Natural Sweeteners at Your Local Shop

by

Refined sugar has been around since the dawn of the industrialised nations, but its effect on humankind has been less than sweet. 

It’s played a leading role in the spike of obesity, diabetes, tooth decay, heart conditions, and even cancer.

Luckily, there are plenty of other plant-based options with natural sugars that are far kinder on your body, and add lots of fun to your cooking. 

These nine fantastic natural sweeteners are a brilliant alternative and, best of all, they’re easily available from supermarkets and health food stores.

Extra little note: stay away from artificial sweeteners like aspartame, sucralose and saccharin. These are ‘tested’ safe but like most man made chemically-derived foods, I usually suggest to avoid them completely.

Stevia

Stevia is a plant that looks a bit like mint and is 200 times sweeter than refined sugar. You can get it in powder or liquid form. It has zero calories, zero carbohydrates and none of the nasty side effects of artificial sweeteners. Use just a tiny amount in recipes, not as a 1:1 replacement!

Honey

Raw honey is a true superfood and one of the best natural sweeteners. It’s packed with enzymes, antioxidants, and nutrients, and feeds the healthy bacteria in your gut. 

Some people worry about blood sugar levels and honey, but one tablespoon of raw honey (it must be raw, not heat treated) has less impact on glycemic load than a banana. Heating honey damages its properties, so choose a different sweetener if you’re planning on adding it to cooked recipes.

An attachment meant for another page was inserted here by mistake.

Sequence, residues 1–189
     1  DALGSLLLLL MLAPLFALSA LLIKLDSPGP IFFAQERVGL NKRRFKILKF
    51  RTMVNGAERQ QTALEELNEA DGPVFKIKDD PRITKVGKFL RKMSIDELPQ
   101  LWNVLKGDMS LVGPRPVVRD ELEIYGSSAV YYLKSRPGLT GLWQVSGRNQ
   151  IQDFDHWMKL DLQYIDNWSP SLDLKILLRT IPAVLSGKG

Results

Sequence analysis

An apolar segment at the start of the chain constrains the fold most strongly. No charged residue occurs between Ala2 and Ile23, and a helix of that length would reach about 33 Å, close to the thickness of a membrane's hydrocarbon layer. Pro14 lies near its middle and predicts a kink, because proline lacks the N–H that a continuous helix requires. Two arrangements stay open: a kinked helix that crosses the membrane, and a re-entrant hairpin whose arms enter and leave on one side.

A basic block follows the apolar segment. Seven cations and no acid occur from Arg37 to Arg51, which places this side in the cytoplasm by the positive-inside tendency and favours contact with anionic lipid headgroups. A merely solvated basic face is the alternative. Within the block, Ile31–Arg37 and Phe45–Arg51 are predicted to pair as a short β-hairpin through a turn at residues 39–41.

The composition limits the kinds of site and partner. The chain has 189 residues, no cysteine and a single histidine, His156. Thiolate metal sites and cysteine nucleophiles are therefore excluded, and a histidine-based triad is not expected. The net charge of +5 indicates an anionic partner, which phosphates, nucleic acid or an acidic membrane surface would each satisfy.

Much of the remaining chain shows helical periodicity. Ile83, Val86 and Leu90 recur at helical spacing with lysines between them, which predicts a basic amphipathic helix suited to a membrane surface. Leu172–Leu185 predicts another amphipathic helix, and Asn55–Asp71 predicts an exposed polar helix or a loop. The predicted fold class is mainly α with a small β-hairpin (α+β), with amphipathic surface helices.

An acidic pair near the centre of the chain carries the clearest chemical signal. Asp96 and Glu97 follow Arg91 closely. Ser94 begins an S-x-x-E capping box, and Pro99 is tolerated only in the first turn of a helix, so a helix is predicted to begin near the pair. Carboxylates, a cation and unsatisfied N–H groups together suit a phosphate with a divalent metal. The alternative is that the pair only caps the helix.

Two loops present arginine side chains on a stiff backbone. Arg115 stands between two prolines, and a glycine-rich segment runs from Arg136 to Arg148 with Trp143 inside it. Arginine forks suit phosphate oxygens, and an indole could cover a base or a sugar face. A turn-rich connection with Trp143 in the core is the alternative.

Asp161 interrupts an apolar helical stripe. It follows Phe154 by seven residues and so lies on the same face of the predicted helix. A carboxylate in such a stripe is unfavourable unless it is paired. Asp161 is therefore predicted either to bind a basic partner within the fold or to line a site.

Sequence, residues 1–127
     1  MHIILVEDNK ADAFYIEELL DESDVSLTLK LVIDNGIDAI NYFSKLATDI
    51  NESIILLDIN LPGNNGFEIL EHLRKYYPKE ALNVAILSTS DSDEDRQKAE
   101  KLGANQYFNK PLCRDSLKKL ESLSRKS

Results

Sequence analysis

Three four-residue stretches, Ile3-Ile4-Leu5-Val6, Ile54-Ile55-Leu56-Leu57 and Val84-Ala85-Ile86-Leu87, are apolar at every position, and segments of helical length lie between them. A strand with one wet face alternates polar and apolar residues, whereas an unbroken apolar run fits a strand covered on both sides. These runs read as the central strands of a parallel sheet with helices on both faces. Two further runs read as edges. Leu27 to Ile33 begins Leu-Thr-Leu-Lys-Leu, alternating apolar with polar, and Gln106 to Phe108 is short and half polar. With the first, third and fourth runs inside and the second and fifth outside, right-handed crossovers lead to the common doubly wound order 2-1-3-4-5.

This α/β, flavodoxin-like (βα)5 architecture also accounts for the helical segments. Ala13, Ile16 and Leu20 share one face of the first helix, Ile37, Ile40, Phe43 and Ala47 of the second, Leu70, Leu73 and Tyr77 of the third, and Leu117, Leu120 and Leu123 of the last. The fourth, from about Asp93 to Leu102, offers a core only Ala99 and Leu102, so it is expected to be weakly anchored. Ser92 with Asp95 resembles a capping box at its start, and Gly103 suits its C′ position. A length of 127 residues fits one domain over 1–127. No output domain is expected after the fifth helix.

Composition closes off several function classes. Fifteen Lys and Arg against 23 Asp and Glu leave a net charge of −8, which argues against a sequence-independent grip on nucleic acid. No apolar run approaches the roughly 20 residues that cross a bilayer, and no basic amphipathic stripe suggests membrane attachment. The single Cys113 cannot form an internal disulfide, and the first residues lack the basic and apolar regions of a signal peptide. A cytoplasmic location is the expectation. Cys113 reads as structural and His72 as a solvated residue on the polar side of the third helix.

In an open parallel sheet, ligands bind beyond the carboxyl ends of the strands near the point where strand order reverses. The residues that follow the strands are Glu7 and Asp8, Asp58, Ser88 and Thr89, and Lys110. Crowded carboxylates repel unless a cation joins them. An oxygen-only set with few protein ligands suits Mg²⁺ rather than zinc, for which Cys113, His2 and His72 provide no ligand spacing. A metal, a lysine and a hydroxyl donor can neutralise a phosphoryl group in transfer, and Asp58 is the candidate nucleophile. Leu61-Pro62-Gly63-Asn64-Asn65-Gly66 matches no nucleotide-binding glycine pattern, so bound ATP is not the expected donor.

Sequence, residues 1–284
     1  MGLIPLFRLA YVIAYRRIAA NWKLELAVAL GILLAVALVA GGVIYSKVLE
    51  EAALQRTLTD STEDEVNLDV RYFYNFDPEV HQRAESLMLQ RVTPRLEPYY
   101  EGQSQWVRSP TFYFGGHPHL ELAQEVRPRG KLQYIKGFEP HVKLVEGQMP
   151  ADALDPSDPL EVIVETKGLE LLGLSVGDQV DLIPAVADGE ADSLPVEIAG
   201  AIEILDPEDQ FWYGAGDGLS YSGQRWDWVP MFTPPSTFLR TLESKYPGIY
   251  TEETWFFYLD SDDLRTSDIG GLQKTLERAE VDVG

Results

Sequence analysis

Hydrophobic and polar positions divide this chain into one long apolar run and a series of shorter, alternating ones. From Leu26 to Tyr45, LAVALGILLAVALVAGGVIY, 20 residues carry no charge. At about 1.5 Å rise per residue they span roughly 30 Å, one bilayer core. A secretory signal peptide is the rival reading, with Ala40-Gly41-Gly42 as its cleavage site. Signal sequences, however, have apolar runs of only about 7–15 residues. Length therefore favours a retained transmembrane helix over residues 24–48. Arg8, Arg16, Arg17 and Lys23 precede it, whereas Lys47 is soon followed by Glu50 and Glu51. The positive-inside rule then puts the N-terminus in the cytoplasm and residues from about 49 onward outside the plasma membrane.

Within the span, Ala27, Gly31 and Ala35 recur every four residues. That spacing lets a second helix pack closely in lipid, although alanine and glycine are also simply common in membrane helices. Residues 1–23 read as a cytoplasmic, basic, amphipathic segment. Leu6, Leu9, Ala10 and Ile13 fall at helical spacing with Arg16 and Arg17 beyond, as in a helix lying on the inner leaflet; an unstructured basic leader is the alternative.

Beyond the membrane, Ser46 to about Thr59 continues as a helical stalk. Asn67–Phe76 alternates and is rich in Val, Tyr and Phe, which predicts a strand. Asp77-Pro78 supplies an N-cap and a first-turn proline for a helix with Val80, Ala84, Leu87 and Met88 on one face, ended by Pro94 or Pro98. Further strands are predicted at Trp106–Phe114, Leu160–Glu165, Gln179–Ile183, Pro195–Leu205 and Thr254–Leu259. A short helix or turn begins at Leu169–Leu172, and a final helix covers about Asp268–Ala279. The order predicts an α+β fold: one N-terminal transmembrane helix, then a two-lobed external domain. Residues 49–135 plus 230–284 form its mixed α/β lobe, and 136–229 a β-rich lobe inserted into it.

Maple syrup

Good quality maple syrup – not maple flavoured syrup, which is basically all sugar and artificial flavours – is minimally processed and heat stable. The darker the syrup, the more virgin it is. It adds a beautiful caramel taste to baked goods (and of course, it’s divine on pancakes!).

Blackstrap molasses

Tasting a little bit like licorice or aniseed, blackstrap molasses is essentially all of the ‘good stuff’ (think nutrients, manganese, potassium, calcium, iron, vitamin B6 and so on) that’s taken out of the sugar cane when its refined to create white sugar. It’s delicious in chocolate smoothies and any recipes with ginger as a feature. It’s strong though, so only use a tiny bit!

Check out this delicious gingerbread biscuit recipe featuring blackstrap molasses!

Rice malt syrup

Also called brown rice syrup, RMS is free from fructose and has minimal impact on blood sugar levels. It contains complex carbs that your body uses as a slow release of energy. RMS and maple syrup can be used interchangeably in recipes that call for a liquid sugar and a beautifully rich, deep taste.

Coconut sugar

Coconut sugar is the new kid on the block, but it’s a fantastic 1:1 replacement for white sugar in recipes. It’s full of polyphenols, iron, calcium, antioxidants and potassium. 

It is a little high in fructose, so use sparingly, and it is a little less intensely sweet compared to refined sugar. To increase sweetness, I add blueberries or sultanas to the recipe.

To make a healthier brown sugar, add two tablespoons of molasses to ½ cup coconut sugar. Blend together in a food processor or blender until combined.